A woman says artist Richard Prince used her “sexy selfie” in his museum exhibition without her consent.
Zöe Ligon, a sex educator and sex toy store owner, said she was surprised to find a screenshot of her Instagram post being used by Prince in his “New Portraits” show at the Museum of Contemporary Art Detroit last month.
“I didn’t consent to my face hanging in this art gallery,” Ligon tweeted on Friday.
Imagine my surprise when I saw Richard Prince tweet a 6ft inkjet printed picture of a screenshot of an Instagram post of mine hanging up in my hometown of Detroit at MOCAD. I didn’t consent to my face hanging in this art gallery.— Zoë Ligon (@thongria) November 1, 2019
Please read entire caption in 3rd photo. pic.twitter.com/2Dh2KD1rhN
In her post, Ligon pointed out that the artist hadn’t done anything illegal but said his use of her post was “reckless,” “embarrassing,” and “uninformed.”
“I am a survivor of childhood sexual abuse,” she explained. “Part of the reason I take ‘sexy selfies’ is because I am reclaiming my own sexualized image. To see my image on the walls of MOCAD feels as though a picture I’ve taken of myself to reclaim my sexual body is being used to violate me all over again.”
Ligon instructed both the museum and the artist to donate to the Sex Worker Outreach Project since her original post was “about criminalization of sex work and harm reduction.”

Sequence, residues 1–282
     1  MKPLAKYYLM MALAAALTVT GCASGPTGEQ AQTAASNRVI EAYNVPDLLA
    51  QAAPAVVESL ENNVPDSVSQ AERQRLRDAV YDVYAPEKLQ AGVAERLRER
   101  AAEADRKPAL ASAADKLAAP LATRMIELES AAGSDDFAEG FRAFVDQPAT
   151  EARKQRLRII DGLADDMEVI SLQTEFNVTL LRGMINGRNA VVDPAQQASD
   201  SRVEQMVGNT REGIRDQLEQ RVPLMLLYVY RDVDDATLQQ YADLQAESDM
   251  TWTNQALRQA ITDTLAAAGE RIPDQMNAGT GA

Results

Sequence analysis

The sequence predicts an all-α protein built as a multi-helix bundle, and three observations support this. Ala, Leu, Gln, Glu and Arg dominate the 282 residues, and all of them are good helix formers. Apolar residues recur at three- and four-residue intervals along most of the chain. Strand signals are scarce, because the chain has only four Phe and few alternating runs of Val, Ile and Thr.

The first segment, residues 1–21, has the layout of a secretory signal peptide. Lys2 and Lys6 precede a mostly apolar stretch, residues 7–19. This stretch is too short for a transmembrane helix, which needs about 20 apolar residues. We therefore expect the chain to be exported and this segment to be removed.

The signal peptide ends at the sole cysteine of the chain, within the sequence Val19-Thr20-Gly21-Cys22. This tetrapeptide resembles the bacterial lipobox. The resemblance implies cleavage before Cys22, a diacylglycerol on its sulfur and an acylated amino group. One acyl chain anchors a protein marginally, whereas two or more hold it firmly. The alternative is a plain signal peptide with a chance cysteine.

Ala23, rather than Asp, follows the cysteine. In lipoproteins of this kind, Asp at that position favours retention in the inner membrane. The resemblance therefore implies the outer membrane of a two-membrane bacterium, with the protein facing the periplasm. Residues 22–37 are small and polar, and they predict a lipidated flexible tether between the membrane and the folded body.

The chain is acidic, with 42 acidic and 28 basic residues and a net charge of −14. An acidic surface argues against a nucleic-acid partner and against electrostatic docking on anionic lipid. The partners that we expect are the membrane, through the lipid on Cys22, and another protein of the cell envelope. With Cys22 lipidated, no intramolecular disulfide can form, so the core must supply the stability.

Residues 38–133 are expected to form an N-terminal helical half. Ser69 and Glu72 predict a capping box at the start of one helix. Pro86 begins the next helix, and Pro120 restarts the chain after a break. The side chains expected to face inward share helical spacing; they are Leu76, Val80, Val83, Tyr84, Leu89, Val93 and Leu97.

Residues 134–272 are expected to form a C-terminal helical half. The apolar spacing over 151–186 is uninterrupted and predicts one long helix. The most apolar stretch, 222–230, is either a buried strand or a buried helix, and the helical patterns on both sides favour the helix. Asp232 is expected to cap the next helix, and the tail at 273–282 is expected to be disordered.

I’d like for both MOCAD and R. Prince to donate to Sex Worker Outreach Project (SWOP) since this is a post about criminalization of sex work and harm reduction— Zoë Ligon (@thongria) November 1, 2019
In a statement to Artnews, MOCAD defended the work.
“The point of the exhibition is to speak about these issues of ownership and ask these questions,” the statement said. “This is a very relevant discussion. Is social media empowering people or co-opting artistic production? Where do our expectations and perceptions around privacy and consent lead us when using social media? What are you to consenting to when posting? Is all photography exploitive?”
In the statement, Prince said he met with Ligon before the show opened.
“We asked if she wanted us to remove the work from the exhibition and at the time, she said that she did not want it taken down unless we removed all the works in the exhibition,” Prince said. “MOCAD has no plans to censor the entire exhibition.”
Ligon said her intention with the call-out tweets was to raise awareness.
“Also, this happened a month ago. I’m fine,” she said. “Wasn’t going to bring it up because he doesn’t deserve his name in our mouths, but I educate around consent so I just wanted to share it from a consent and media literacy standpoint.”
Also, this happened a month ago. I’m fine. Wasn’t going to bring it up because he doesn’t deserve his name in our mouths, but I educate around consent so I just wanted to share it from a consent and media literacy standpoint.— Zoë Ligon (@thongria) November 1, 2019